How and why the Soviets used the swastika symbol

Two Soviet soldiers showing the first Nazi banner captured in battles near Kalinin, 1941.

Two Soviet soldiers showing the first Nazi banner captured in battles near Kalinin, 1941.

Alexander Glichev/Sputnik
The swastika was actually a widespread symbol in Russia in the first years of Soviet rule. People could not have imagined the kind of hatred it would stir up in them a mere 20 years later.

Before the Nazis desecrated this ancient graphic symbol, the swastika had been a common sight throughout the world. Among other places, you could see it emblazoned on Latvian and Finnish fighter planes (certainly no relationship to the Luftwaffe), the emblem of the U.S. Army’s 45th Infantry Division, even on Coca-Cola and Carlsberg beer bottles.

In the years before the Russian Revolution, the swastika could be seen on icons, clothes and dinner plates, as well as Romanov dynasty cars. In ancient times, it often popped up in cultures in the Caucasus. And In 1917, Soviet Russia became next in line to make use of the symbol. 

Soviet banknotes

When the February Revolution of March 1917 dethroned the autocratic monarchy, one of the first decisions of the Provisional Government was to print new money. The swastika could be seen on the banknotes. 

However, the new regime was brought down in November of the same year as a result of the October Revolution that brought Vladimir Lenin and his Bolsheviks to power. In the chaos of the ensuing civil war, they had neither the time nor the technical capabilities to design and print new banknotes, so the Provisional Government’s money continued to be in use. And so, banknotes carrying the swastika were in circulation for almost five years, until 1922.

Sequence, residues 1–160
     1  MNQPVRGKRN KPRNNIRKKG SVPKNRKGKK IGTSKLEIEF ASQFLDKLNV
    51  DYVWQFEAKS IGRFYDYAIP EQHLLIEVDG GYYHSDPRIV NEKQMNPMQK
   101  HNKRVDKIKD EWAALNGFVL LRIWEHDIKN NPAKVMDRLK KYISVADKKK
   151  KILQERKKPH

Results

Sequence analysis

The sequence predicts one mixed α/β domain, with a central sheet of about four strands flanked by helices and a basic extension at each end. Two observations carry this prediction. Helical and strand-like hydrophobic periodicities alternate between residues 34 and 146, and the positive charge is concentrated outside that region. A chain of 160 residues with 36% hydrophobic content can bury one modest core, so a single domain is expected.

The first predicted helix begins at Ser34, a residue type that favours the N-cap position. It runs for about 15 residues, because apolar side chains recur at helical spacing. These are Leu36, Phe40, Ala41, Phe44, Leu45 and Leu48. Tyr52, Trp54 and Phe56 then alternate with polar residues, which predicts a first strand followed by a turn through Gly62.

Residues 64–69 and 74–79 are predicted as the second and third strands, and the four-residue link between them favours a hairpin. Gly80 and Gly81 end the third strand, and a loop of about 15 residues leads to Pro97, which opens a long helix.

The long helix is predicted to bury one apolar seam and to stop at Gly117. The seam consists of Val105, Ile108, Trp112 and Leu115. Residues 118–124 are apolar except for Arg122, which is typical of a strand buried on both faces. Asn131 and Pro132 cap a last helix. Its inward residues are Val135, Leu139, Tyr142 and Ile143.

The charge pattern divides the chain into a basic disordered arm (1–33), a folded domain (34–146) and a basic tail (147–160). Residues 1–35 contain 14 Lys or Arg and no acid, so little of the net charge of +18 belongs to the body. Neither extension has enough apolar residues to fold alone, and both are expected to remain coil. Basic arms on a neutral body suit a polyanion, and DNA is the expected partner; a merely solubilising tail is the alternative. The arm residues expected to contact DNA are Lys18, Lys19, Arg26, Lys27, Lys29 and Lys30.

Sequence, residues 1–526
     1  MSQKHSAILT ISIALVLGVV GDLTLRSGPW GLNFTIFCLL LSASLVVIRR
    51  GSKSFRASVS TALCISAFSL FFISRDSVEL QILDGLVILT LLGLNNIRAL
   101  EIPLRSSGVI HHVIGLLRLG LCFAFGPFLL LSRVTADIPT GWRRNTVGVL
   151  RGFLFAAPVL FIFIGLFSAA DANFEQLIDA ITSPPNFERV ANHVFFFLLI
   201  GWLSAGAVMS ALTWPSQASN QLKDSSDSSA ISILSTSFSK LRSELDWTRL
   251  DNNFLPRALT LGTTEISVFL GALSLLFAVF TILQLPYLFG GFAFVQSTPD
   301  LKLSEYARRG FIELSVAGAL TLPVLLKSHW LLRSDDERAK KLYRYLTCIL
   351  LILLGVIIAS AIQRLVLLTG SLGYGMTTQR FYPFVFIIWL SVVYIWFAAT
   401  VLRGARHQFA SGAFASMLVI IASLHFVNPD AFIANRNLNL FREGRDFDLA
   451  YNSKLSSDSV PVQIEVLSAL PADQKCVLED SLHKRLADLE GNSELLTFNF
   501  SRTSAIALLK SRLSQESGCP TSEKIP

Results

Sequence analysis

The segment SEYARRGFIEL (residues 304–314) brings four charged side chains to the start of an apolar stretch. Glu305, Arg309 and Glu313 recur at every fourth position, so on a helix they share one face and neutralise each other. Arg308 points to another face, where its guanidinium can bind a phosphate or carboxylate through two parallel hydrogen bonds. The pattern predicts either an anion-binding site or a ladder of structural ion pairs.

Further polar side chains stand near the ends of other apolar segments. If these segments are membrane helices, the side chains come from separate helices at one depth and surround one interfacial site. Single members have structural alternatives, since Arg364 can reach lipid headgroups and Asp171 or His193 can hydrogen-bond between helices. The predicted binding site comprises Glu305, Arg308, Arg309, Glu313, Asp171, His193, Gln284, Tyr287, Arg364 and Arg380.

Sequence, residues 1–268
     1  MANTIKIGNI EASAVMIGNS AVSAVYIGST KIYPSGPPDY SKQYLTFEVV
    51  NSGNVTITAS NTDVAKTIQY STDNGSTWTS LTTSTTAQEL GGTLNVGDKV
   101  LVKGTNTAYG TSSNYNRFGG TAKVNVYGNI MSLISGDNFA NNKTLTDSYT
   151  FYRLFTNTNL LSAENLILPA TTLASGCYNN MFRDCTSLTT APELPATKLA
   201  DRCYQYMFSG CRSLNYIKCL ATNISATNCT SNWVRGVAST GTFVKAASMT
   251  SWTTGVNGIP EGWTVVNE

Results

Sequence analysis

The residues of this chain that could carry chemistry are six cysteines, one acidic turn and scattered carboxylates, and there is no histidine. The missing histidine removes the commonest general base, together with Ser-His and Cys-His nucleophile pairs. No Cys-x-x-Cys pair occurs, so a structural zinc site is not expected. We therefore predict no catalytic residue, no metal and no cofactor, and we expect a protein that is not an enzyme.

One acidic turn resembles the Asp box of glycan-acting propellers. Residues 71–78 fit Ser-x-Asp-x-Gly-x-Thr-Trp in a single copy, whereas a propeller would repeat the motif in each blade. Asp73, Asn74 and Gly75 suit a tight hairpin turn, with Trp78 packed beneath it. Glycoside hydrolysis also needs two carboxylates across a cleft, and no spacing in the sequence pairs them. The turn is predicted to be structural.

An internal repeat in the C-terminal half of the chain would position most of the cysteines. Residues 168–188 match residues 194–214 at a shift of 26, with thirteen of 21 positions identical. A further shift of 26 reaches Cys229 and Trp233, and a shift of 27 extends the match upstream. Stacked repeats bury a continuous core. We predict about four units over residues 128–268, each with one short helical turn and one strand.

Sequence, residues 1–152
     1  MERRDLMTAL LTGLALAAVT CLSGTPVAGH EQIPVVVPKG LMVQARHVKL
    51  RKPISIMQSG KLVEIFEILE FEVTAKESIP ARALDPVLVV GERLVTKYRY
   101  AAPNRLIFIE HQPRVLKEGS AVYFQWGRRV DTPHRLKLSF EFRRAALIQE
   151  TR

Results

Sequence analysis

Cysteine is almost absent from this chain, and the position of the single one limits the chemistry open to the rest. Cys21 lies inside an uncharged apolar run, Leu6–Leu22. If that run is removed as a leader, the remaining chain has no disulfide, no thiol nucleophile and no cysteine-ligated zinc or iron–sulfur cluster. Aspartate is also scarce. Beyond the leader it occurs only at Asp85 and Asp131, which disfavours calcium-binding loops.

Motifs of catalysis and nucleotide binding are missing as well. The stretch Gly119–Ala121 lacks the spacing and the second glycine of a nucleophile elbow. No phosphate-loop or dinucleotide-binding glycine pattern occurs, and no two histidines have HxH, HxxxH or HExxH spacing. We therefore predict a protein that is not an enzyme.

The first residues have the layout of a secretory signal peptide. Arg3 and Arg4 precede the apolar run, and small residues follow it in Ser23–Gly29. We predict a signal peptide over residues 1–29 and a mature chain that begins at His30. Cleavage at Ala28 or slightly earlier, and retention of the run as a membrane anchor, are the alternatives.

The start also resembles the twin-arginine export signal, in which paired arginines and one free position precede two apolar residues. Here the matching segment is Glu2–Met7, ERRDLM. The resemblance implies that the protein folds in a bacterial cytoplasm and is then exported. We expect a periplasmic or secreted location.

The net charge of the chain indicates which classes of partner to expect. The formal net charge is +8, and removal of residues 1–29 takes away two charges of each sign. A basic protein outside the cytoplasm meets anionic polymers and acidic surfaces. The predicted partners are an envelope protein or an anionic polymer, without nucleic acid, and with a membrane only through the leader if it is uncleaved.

The Red Army 

Sometime during the Civil War, in November 1919, Vasiliy Shorin, the commander of the South-Eastern front, issued ‘Order 213’ mandating all the Kalmyk divisions (Buddhists by faith) to wear an arm patch with the swastika. 

The swastika was referred to in the document as the “lyungtn” - a misspelling of the Buddhist term “lungta” (“wind horse”), symbolizing the human lifeforce. 

The ban

The swastika frequently appeared in Soviet documents in the 1920s. A number of Soviet painters used to use it in their works. However, the American Far Right had started to use it as a unifying symbol, and the swastika gradually fell out of vogue in the USSR. 

And when, in 1933, Adolf Hitler’s National-Socialist Party came to power in Germany, the swastika quickly began carrying outright negative connotations in the Soviet Union. Documents, books, artworks and other things containings it were either destroyed or submitted for storage, away from the public eye. The symbol then began to be publically used exclusively in the service of anti-Nazi propaganda.

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